Submitted by Paula Guy on Tue, 12/06/2012 - 16:05
Streets of Delhi
The last few days have been spent at and around the guesthouse in Delhi. We've taken the time to relax and recover – the overnight train from Delhi, followed by 9 days on safari with early mornings, lack of sleep and being jostled around in a jeep for 7 hours a day, plus a couple of long travelling days in between had taken it's toll.
The first night we arrived back here we got straight into bed at midnight and didn't know anything more till around 9:30 the next morning, we haven't had that kind of concentrated sleep in weeks. We've spent the days reading, updating the blog and sorting out our budget, which has been hit due to the extra unexpected flight we took. We've been going to bed early and sleeping in in the mornings and finally whatever flu/cold bug that had hold of us is now mostly gone.
Submitted by Paula Guy on Tue, 12/06/2012 - 15:09
Near Humayuns Tomb
We left by taxi at 09:30am.
During the journey, someone rang our driver to tell him that the train was delayed by several hours and we were less than happy when it seemed we were again about to be dropped and ditched at a train station in the middle of a bustling city. We told our driver we didn't want to be dropped and left there, with no way of finding anything out and we had also started to wonder if anyone would be the other end to meet us from the train at some silly o'clock early hours of the following morning. I think our driver, although speaking very little English, sensed our concern and so it was that he took us to a random guest house, where the owner had absolutely no idea who we were or why we were there. Our driver explained to her in Hindu what the position was and she allowed us to sit in her guest lounge to try and figure out what to do next.
Submitted by Paula Guy on Tue, 12/06/2012 - 13:49
David preparing our snack
They are not set up here for tourism at all, this has become obvious. Every time we go on the game drives, we have to wake people up at the boathouse this side of the river, in turn they then phone ahead and wake people up the other side of the river to send a boat over to get us. Whenever we come across a gate we need to pass through David has to go in search of someone to open it. Most of the time we have been the only vehicle in the entire park, which would be absolutely wonderful if we could actually find some animals to watch, but I'm beginning to wonder if there is really anything here at all other than the handful of animals and birds we've seen and I guess this is exactly why we are alone here. The park itself is beautiful and there is much to be said in favour of the lack of tourism here and the experience that alone provides. The daily ritual of waking everyone up and the ensuing scenes that follow is amusing, however I'm not sure it would be on the top of my list of places to visit to see tigers, which is essentially why we had come here.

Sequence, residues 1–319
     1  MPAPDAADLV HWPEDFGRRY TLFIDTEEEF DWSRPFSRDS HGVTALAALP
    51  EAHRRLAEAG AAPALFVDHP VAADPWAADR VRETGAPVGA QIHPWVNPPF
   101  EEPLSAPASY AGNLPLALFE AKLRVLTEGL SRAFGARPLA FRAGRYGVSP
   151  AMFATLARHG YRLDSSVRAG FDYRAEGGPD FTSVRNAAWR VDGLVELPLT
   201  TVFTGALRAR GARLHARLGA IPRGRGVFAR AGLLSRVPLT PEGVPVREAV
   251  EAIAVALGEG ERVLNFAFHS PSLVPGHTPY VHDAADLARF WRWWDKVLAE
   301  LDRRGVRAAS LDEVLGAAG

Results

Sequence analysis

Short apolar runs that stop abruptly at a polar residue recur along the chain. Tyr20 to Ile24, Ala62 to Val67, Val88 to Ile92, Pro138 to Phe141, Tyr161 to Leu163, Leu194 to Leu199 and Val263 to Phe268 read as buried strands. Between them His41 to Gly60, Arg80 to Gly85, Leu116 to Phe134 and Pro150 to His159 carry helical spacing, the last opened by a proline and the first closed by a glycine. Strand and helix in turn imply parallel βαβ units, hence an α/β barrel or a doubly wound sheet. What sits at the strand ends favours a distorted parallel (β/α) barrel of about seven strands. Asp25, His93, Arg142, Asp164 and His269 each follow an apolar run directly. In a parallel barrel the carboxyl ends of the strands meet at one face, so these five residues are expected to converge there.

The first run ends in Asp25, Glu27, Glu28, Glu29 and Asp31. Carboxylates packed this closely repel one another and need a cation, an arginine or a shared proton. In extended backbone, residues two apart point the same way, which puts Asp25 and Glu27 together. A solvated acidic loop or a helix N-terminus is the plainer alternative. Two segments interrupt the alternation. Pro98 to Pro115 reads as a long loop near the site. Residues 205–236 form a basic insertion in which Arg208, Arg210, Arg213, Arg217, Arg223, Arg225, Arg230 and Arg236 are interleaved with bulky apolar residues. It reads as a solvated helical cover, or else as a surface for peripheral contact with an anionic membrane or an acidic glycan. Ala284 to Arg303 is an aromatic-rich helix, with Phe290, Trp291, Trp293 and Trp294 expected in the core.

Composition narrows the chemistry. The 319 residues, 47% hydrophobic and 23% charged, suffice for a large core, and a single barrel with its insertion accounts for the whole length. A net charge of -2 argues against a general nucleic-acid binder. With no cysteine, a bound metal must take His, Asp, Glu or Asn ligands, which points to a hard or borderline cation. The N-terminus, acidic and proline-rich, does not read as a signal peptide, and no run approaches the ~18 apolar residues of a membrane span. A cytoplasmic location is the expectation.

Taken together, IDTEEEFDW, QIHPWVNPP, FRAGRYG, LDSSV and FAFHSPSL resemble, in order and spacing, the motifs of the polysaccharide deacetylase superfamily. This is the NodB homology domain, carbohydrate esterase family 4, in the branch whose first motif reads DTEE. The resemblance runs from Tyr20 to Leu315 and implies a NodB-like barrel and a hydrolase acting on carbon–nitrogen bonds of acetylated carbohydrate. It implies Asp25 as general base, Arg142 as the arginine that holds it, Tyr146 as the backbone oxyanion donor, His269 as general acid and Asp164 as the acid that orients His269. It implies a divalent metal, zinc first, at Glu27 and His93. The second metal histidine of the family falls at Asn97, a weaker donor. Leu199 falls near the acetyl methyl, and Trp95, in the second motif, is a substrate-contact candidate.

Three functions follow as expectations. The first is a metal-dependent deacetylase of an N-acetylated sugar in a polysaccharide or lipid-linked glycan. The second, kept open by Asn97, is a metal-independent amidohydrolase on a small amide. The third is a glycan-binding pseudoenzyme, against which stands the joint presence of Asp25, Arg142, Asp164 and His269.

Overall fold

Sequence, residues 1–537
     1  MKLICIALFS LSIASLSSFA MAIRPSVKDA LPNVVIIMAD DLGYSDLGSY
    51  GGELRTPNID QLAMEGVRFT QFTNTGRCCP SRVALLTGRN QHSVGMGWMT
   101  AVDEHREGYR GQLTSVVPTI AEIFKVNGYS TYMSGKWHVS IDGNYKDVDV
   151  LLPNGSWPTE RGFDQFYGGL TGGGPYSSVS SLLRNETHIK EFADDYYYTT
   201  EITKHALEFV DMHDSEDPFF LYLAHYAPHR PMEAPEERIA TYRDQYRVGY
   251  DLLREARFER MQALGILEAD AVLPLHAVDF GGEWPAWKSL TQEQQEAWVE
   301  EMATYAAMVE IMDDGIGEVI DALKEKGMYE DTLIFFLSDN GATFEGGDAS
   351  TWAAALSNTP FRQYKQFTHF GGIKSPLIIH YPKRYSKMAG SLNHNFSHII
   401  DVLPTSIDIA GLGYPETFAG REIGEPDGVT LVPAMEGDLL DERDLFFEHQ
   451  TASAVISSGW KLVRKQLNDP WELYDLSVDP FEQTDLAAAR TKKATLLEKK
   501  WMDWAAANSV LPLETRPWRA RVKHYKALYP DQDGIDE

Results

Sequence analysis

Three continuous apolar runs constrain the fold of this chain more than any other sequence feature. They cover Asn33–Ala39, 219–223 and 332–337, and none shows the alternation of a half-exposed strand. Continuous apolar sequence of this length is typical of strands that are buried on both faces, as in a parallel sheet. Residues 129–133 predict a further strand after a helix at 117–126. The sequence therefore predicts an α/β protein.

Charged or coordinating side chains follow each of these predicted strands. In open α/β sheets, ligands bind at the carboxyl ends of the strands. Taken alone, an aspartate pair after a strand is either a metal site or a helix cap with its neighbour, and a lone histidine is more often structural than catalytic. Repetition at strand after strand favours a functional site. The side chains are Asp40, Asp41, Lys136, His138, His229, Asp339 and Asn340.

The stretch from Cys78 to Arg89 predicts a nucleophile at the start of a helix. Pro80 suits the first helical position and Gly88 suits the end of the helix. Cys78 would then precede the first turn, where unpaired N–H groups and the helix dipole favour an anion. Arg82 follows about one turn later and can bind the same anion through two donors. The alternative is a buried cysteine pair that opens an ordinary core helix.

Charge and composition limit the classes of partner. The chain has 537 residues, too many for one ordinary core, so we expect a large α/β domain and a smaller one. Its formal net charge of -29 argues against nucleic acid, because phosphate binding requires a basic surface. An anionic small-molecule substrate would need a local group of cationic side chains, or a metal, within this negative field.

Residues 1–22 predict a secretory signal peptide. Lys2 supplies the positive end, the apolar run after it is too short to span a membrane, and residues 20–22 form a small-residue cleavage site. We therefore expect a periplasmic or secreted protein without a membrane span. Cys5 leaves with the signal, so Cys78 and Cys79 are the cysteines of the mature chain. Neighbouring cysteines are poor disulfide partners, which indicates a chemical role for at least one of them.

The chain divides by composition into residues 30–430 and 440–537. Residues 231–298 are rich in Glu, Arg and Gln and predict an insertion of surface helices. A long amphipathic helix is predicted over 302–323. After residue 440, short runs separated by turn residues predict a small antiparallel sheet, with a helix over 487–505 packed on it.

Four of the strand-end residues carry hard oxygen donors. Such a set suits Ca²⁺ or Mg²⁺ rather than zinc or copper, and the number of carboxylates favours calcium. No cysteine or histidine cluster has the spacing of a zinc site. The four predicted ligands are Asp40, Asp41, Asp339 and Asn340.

Submitted by Paula Guy on Tue, 12/06/2012 - 13:19
There is no atmosphere at this lodge, none at all, maybe it's the lack of people, although normally that wouldn't bother me, maybe it's because we had such a fantastic time at Bandhavgarh, I don't know – but for the very first time on the trip neither John nor I wanted to be here. We couldn't put our finger on the exact problem, but we just lay and hugged this morning on a bit of a downer. We very quickly reminded each other that we are here now and will be for another two nights, so we'll just make the best of the way things are.
Submitted by Paula Guy on Tue, 12/06/2012 - 12:37
We had a quick piece of toast each before starting off on our journey. On the way we stopped at a tea stall in the middle of rural villages and John asked if there was a toilet he could use, which made me smile. The driver points and John asks if he means round the back of the stall ....... so I have to tell John that he means find a bush!! So now he has become a true local, well not quite, otherwise he'd have whipped it out at the side of the road! We sit in the sunshine with a drink for a bit, then we're on our way again. The rural villages are much different than the big city, there seems to be much more of a sense of community, which is probably true of most countries you go to I guess.
We were told that we would be taken to the train in Jabalpur and accompanied to our seats – so imagine our surprise upon arrival at a bustling train station when it very quickly became apparent that we were two hours early and our driver was about to ditch us and disappear! At all times whilst unloading our luggage, setting it down and even just prior to driving off into the sunset, the drivers response to Johns questions of "You are staying with us aren't you?" was "Yes, yes, yes" although that roughly seemed to translate as "No, not a chance" when we watched him speed off leaving only a trail of dust!!
Submitted by Paula Guy on Tue, 12/06/2012 - 11:10